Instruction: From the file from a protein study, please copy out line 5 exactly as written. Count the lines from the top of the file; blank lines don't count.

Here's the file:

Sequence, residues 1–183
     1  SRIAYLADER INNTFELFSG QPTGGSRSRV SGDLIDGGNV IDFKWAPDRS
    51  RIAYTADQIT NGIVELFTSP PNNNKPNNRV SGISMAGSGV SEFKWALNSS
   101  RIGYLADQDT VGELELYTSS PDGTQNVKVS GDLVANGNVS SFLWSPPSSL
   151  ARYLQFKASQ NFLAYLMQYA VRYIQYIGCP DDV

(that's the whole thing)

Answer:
   151  ARYLQFKASQ NFLAYLMQYA VRYIQYIGCP DDV